Climate impact

  • The impact of the climate on the frequency and intensity of these events was documented by the Intergovernmental Panel on Climate Change (IPCC) in its special report of 2018 on 1.5 degrees C warming, and the just-released assessment on the physical science behind a warming world. All the headline points in the latest report point to a narrowing window for the world to taper down emissions before the temperature rises beyond 2 degrees C.
  • At Glasgow, the poorer half of the world, which did not contribute to the problem but faces disastrous impacts, will press the key question of equity.
  •  Under the UNFCCC, all countries do not have the same responsibilities, given their respective levels of development. This principle of common but differentiated responsibilities guides the Paris Agreement.
  • India, which has pledged to cut the emissions intensity of its growth by 33-35% of GDP from 2005 levels by 2030, has declared its pre-2020 performance on this metric achieved, at 24%, while it is working to fulfil other Paris promises — raising renewable energy capacity to make up a 40% share and expanding forest cover to create a 2.5 to 3 billion tonne carbon sink.
  • More recently, it announced a scale-up of its renewable power plans to 450 GW by the end of the decade, and a national hydrogen policy to produce the chemical element through green methods, aiding its deployment in industrial sectors as well as transport, and aiming for export.

Science sets tempo

  • The tempo for the Glasgow conference has been set by scientific reports, warning of continuing extreme human pressure on the climate system.
  •  One IPCC report of August 2021 warned that the observed increase in global surface temperature showed unprecedented warming during the 1850-2020 period compared with reconstructed temperature data over a period of 2,000 years.
  •  On the eve of the climate meet, the UN Environment Programme issued its 12th Emissions Gap Report, comparing the updated emissions reduction pledges made by countries for 2030, with what is needed to keep the rise in global temperature to 1.5 degrees C or even 2 degrees C.
  • That gap, between a projected emissions reduction of 7.5% for 2030 against the need for 30 to 55% cuts, and even taking into account the latest promises by countries, could lead to a rise in temperature by 2.7 degrees C by the end of the century.
  • Moreover, G20 countries, accounting for nearly 80% of global emissions, are not on a clear course to achieving net zero (balancing out emissions) based on 2030 commitments.
  • The net zero concept remains contentious, because of the uncertainties surrounding long-term targets, but big countries such as China have set such a goal, while the EU as a bloc, Germany, the U.K., France, Canada and others have legal mandates.
  • At COP26, the road to these targets is set to become the focus of debate. Article 6 of the Paris pact provides for the establishment of rules, modalities and procedures, which will enable countries, public and private entities to reduce emissions, and which will be accounted towards national pledges.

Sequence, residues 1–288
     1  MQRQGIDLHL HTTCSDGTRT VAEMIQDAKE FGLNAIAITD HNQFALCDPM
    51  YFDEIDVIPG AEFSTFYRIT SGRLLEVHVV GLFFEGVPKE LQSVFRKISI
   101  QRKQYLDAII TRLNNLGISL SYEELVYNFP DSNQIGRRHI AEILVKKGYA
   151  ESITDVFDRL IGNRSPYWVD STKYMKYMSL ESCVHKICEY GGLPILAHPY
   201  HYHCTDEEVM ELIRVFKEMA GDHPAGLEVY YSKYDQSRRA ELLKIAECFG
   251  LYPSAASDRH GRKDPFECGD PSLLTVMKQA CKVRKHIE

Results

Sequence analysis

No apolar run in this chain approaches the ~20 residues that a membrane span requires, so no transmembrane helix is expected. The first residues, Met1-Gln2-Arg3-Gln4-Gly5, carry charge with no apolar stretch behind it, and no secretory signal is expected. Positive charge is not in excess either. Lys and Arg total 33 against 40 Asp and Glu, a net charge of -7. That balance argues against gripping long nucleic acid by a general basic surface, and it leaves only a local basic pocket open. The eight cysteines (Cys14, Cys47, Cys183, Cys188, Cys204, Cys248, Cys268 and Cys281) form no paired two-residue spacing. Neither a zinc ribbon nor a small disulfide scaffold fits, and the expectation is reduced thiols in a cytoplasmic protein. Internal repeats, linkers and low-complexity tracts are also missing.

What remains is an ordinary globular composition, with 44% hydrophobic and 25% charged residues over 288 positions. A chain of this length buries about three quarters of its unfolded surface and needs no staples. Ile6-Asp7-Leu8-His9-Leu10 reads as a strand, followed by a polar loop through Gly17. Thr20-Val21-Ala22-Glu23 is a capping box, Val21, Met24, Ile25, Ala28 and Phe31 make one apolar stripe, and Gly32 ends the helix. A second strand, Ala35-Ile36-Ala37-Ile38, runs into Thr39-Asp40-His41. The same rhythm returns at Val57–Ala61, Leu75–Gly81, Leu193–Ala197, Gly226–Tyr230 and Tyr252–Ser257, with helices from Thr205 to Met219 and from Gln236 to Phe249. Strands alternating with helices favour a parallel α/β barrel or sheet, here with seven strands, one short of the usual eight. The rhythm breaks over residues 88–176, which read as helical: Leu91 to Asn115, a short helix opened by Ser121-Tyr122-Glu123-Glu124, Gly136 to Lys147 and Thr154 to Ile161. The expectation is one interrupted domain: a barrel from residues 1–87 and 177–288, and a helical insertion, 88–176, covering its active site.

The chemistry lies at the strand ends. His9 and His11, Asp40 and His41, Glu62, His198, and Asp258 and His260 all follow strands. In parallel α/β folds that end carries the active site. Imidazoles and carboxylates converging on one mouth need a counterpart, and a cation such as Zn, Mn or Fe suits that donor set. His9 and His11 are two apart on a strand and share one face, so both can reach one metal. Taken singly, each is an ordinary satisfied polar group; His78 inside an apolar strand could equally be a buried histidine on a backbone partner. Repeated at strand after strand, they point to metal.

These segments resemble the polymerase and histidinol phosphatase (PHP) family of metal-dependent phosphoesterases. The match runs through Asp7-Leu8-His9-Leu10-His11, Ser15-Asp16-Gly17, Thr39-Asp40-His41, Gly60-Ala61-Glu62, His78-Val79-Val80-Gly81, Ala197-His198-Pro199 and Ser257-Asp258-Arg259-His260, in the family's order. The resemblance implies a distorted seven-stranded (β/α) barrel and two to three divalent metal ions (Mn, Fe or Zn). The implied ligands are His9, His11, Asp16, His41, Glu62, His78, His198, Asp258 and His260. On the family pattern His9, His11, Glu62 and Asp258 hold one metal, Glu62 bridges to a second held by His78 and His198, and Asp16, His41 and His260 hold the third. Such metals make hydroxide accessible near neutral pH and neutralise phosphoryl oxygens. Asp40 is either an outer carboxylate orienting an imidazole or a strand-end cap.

• The private sector sees the potential for a market mechanism for emissions credits, while critics see scope for juggled numbers that do not cut real emissions, and lead to deception through creative accounting.
  • Another conference priority is to raise the ambition of high carbon countries, notably China, to phase out coal in energy production. This is a contentious issue, since coal is a reliable option for many, despite its contribution to high emissions and atmospheric pollution, and even the U.S., along with India, emphasises carbon capture technology — expensive and nascent at present — rather than a quick move to alternatives. Australia too bats for coal.

Power shortage

  • The International Energy Agency (IEA) predicted a “rebound” in global coal use in 2021 spurred by COVID-19 recovery, and the recent power shortages worldwide have increased attraction for coal. Solar and wind are not adequate to meet the surge.
  • That setback, however, has not eased up the pressure from young climate activists on countries to move away from “dirty” coal. Their disinvestment campaign is hurting, as public and private sectors pull out their money. The militant campaigners, led by the face of the youth movement, Greta Thunberg, will be heard in Glasgow.
  • Scientists too are disappointed with the progress. James Hansen, the former NASA researcher whose testimony to the U.S. Congress in 1988 on human-caused global warming proved greatly influential, has called COP26 a ‘gas bag season’ since politicians are not ready to talk about the gravity of scientific evidence.
  • The IPCC says in its latest report, “It is unequivocal that human influence has warmed the atmosphere, ocean and land. Widespread and rapid changes in the atmosphere, ocean, cryosphere and biosphere have occurred.” COP26 will be a stocktake of whether political will is strong enough to stave off disaster.

Way Forward

Strong commitment with effective policy from the world leaders is needed to tackle the global warming. Easy technology transfer along with funding mechanism from developed to the developing countries, is the need of the hour. Developed countries also need to reduce their carbon emission, so that developing and least developed countries can become part of the carbon budget available to the world.

 

Source: The Hindu